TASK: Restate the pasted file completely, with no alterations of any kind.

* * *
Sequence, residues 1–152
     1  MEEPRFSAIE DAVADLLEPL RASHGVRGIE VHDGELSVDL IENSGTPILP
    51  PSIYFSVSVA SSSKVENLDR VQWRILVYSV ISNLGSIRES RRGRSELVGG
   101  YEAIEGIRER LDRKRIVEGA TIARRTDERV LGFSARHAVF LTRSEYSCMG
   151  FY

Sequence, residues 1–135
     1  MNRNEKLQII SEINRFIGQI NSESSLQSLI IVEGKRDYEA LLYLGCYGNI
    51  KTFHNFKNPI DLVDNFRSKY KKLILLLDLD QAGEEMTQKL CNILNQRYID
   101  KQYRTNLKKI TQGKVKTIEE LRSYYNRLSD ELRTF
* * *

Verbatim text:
Sequence, residues 1–152
     1  MEEPRFSAIE DAVADLLEPL RASHGVRGIE VHDGELSVDL IENSGTPILP
    51  PSIYFSVSVA SSSKVENLDR VQWRILVYSV ISNLGSIRES RRGRSELVGG
   101  YEAIEGIRER LDRKRIVEGA TIARRTDERV LGFSARHAVF LTRSEYSCMG
   151  FY

Sequence, residues 1–135
     1  MNRNEKLQII SEINRFIGQI NSESSLQSLI IVEGKRDYEA LLYLGCYGNI
    51  KTFHNFKNPI DLVDNFRSKY KKLILLLDLD QAGEEMTQKL CNILNQRYID
   101  KQYRTNLKKI TQGKVKTIEE LRSYYNRLSD ELRTF